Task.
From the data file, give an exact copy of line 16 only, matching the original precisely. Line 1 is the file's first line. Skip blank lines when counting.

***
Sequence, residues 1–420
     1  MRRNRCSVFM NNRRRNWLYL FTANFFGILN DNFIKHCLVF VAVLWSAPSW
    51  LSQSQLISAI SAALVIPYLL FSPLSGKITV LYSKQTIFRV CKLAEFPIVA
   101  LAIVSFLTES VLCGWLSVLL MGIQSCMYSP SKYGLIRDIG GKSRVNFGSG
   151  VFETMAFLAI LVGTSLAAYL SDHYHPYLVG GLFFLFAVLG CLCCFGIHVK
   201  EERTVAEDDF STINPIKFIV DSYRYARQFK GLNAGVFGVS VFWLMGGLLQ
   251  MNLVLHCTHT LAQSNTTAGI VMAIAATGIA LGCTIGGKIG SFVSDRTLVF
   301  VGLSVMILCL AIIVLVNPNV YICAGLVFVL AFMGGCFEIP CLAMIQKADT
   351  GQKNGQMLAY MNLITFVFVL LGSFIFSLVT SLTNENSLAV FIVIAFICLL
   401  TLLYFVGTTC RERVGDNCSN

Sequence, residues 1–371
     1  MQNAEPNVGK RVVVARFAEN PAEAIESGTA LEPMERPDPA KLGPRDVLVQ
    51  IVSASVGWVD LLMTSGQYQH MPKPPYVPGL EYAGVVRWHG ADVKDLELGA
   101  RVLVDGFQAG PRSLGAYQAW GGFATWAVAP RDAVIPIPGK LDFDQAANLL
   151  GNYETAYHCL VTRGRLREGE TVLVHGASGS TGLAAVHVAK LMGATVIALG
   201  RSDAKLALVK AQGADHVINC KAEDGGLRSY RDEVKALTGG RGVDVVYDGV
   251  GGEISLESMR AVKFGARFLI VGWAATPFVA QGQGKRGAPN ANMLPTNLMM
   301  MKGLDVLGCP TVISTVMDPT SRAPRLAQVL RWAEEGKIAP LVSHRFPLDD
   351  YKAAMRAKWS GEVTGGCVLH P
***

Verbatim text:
   201  RSDAKLALVK AQGADHVINC KAEDGGLRSY RDEVKALTGG RGVDVVYDGV